Although Franklin didn’t arrive in Philadelphia until he was 17 (after running away from an apprenticeship with his brother in his hometown of Boston), and spent over 30 years away from the city representing US interests in Europe, he influenced Philadelphia more than any other individual. You can’t walk more than a few steps in Philadelphia without running into his legacy. (This is my justification for such a long post!)
Franklin originally headed south to Philadelphia after receiving a tip that he might find employment there as a printer. As described in his autobiography, Franklin’s first appearance in Philadelphia was pretty memorable. His first stop after disembarking was to visit a bakery, where his money went further than expected and he ended up with 3 large loaves, so “…having no room in my pockets, walk’d off with a roll under each arm, and eating the other. Thus I went up Market-street as far as Fourth-street, passing by the door of Mr. Read, my future wife’s father; when she, standing at the door, saw me, and thought I made, as I certainly did, a most awkward, ridiculous appearance.” He then visited the Quaker meeting house (no longer around, but you can still visit its 1804 replacement) where he promptly fell asleep on a pew and had to be woken up after the service finished.
Franklin did get a job as a printer, and (after an unexpected sojourn in London after a business deal fell through and he was stranded there with no money), eventually purchased his own print shop and became highly successful. Today, you can visit a recreated colonial-era print shop, housed in one of Franklin’s rental properties, where you can watch printing press demonstrations and purchase souvenir copies of famous documents and Franklin quotes (free- part of Independence National Historic Park).
Tip: check out the hands-on-history tours at The Rosenbach Museum. If you get lucky, they might be offering their Founding Fathers tour and you can hold a copy of Franklin’s Poor Richard’s Almanac (Hands-on History at The Rosenbach Library (Frankenstein, The Founding Fathers, and much more)).
Next door, at 318 Market Street, in another c. 1786 rental property, the Park Service has an archeological exhibit featuring artifacts found buried in Franklin Court. The building has been stripped down to the bare walls, showing 18th century building practices and highlighting some of Franklin’s fire safety improvements.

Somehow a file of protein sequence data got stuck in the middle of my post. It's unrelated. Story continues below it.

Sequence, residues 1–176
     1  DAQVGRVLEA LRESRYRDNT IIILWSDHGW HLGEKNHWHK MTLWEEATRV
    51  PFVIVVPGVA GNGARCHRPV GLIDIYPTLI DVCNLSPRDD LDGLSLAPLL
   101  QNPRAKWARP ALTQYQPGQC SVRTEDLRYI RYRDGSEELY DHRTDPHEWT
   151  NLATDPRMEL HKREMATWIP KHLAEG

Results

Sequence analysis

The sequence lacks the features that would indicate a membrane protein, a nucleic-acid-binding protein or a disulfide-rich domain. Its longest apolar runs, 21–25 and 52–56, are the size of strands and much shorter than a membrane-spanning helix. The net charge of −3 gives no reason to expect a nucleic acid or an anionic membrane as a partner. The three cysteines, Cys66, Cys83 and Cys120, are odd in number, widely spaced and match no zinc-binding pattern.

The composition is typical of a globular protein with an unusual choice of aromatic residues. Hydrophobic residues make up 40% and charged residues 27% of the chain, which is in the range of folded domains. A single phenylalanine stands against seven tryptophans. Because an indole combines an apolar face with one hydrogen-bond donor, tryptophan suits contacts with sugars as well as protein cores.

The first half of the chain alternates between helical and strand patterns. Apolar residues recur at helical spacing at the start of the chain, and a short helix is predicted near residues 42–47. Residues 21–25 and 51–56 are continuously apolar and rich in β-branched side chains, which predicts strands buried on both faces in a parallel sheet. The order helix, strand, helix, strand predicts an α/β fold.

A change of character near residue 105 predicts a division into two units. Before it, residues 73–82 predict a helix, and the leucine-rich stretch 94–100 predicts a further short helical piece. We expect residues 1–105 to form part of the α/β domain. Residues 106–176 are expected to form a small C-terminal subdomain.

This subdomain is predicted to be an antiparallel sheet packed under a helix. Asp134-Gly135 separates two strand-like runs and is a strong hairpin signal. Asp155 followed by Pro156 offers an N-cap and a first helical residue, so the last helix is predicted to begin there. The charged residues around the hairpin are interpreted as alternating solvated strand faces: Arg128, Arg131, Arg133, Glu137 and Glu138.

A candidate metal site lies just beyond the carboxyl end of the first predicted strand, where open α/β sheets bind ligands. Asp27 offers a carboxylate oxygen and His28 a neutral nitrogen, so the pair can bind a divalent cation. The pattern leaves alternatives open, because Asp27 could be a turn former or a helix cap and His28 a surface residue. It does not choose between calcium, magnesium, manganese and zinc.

Across the passageway is a working post office, where you can get your mail hand cancelled with the “B Free” stamp — a nod to Franklin’s stint as Post Master General of the colonies, and later, the US.
Between the buildings is the passageway that Franklin used to access his house. Following in Franklin’s footsteps you reach the site of his home and print shop. Torn down in 1812, they are memorialized by the “ghost house” and weird 70’s structures through which you can view archaeological remains of Franklin’s house (Ben Franklin’s Ghost House).
This is is also the site of the Ben Franklin museum (note: this is the only park service site with an entrance fee; fun for kids and Franklin fans, it’s set up to focus on his character traits) and where you can stand on Franklin’s privy pit (Ben Franklin’s Toilet).
For all of Franklin’s popularity and good works, he was not a great husband (in fact, he was only a common law husband – after he first ditched Deborah to travel to England, she ended up marrying a loser who ran off with her dowry, so she could never officially remarry). Despite this, Deborah raised their kids, including Ben’s illegitimate son, and ran his businesses while he was away negotiating (i.e partying) as the agent for several of the American colonies in London. He spent 19 years in London, returning home for only 18 months of this time (the only home of Franklin that still stands dates from this period and is located in central London). Towards the end, Deborah pleaded for him to return (he ignored her requests), and later suffered from several strokes. Franklin didn’t return home until after her death, when he lost his popularity with the British government after leaking documents that led to uprisings in Boston, and had to return to look after his business affairs. He arrived home just in time to help write the Declaration of Independence. Several excerpts from his rather condescending and bossy letters to Deborah adorn the courtyard of the ghost house.